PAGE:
Since the death of George Floyd at the hands of a police officer, America’s police have been seriously questioned on their methods. There is concern over how easily officers can breach the rights of the public, and many are calling for reform. Congress is talking about passing police reform laws, but President Trump beat them to the punch with a new executive order.
On June 16, President Donald Trump signed the Executive Order on Safe Policing for Safe Communities. While many protesters and even politicians have been calling for the government to reduce or stop funding for police departments, Trump has not supported that idea. His executive order provides more funds for training, for community outreach, and for greater cooperation between law enforcement officers and social workers.
The order demands revised training standards for police officers, including an emphasis on de-escalation methods and use-of-force guidelines. Specifically, the use of “chokeholds” is not allowed unless lethal force is an officer’s only option.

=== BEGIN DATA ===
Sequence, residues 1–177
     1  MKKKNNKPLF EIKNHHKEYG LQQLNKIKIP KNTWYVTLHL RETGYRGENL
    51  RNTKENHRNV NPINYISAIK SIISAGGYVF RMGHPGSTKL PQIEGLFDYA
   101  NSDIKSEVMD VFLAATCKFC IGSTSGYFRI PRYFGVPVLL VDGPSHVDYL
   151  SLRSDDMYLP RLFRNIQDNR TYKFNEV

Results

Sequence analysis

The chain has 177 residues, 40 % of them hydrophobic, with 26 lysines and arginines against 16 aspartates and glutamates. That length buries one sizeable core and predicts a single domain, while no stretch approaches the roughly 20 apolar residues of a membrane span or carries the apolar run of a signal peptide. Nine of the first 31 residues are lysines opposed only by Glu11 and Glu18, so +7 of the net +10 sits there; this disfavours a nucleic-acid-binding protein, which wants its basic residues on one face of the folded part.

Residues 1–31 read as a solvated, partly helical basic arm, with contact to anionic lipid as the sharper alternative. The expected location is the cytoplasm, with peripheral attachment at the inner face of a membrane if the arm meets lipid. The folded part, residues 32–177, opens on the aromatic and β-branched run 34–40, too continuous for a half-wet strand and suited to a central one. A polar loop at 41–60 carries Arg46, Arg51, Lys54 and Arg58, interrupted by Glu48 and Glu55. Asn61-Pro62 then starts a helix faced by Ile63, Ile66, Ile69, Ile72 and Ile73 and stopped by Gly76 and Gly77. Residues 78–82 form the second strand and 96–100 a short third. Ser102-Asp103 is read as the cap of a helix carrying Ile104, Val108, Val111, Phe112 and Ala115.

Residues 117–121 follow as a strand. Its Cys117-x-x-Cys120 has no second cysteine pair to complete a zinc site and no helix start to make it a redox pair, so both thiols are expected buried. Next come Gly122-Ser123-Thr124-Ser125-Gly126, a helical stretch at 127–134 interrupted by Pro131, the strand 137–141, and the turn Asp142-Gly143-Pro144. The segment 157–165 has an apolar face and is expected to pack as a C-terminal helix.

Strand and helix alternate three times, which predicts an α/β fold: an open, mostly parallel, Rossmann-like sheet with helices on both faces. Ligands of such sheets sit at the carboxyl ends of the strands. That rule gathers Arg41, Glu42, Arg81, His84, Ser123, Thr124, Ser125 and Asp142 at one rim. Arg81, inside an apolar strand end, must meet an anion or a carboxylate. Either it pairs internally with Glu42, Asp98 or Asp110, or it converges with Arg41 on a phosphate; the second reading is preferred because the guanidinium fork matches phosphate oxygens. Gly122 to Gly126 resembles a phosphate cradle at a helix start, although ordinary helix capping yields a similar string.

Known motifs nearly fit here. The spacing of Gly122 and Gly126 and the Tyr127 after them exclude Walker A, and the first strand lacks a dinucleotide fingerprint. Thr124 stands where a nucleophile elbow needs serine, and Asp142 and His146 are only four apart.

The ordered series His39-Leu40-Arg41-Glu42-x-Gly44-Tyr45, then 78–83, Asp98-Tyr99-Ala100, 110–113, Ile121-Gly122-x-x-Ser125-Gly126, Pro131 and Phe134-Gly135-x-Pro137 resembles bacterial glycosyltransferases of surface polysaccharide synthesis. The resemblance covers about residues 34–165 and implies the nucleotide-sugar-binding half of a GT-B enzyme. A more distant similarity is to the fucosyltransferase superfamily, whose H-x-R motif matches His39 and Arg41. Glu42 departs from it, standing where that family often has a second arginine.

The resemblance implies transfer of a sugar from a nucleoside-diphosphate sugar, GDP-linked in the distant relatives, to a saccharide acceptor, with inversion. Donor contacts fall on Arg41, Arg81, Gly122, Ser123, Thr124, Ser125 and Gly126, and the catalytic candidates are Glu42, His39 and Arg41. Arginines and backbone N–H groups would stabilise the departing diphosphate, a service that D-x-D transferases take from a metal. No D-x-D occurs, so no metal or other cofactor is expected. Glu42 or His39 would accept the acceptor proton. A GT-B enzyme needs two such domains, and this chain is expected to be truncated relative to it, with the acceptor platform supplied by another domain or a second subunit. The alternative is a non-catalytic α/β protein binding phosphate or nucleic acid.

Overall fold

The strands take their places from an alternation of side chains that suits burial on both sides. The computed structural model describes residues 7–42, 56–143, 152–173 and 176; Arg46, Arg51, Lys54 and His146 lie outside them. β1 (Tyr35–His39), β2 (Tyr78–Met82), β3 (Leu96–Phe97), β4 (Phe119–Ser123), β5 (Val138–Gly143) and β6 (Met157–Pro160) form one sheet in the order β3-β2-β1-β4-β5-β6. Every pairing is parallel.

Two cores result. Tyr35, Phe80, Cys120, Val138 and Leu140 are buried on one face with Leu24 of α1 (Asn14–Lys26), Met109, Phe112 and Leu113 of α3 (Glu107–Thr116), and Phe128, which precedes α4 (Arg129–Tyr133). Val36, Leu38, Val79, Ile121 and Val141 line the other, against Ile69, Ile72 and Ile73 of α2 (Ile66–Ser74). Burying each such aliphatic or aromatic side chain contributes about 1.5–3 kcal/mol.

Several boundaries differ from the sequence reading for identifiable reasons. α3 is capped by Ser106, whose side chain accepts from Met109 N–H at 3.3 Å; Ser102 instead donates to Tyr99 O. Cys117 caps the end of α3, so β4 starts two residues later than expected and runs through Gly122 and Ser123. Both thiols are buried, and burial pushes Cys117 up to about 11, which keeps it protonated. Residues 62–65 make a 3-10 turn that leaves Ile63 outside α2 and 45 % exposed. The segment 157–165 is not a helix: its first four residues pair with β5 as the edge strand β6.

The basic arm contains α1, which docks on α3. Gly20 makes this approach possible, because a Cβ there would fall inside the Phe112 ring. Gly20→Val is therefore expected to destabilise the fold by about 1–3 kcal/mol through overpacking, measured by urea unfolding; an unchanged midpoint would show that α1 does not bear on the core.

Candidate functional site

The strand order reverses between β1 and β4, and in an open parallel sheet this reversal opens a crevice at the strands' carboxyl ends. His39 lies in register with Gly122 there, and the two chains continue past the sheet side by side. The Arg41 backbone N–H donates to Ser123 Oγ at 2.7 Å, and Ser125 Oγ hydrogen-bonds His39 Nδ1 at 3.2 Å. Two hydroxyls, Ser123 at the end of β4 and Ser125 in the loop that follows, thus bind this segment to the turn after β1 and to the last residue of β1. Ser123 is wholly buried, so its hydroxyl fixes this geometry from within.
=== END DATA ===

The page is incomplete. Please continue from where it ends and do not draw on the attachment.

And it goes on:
The president’s order establishes a system in which law enforcement agencies would be assessed by “independent credentialing bodies.” A department would be certified as having met certain standards in training and best practices. The Department of Justice is authorized to withhold grant funding from local and state agencies that do not work with these credentialing bodies.
Other measures include greater cooperation between social workers and police officers, who regularly encounter people with mental health or drug addiction problems. The secretary of Health and Human Services is directed to make recommendations on the allocation of funds to “community-support models addressing mental health, homelessness, and addiction.”
The executive order directs the Attorney General William Barr to create a database that would make state and local jurisdictions report and share information on individual officers who have complaints against them for excessive use of force, or who have been reported for other on-duty misconduct.
The president has managed to leap-frog members of Congress who are in the process of trying to bring their own police reform legislation into law.
The big question now is whether state, city and county Democrats will work with the president to comply with the executive order or try to get their own bill through Congress.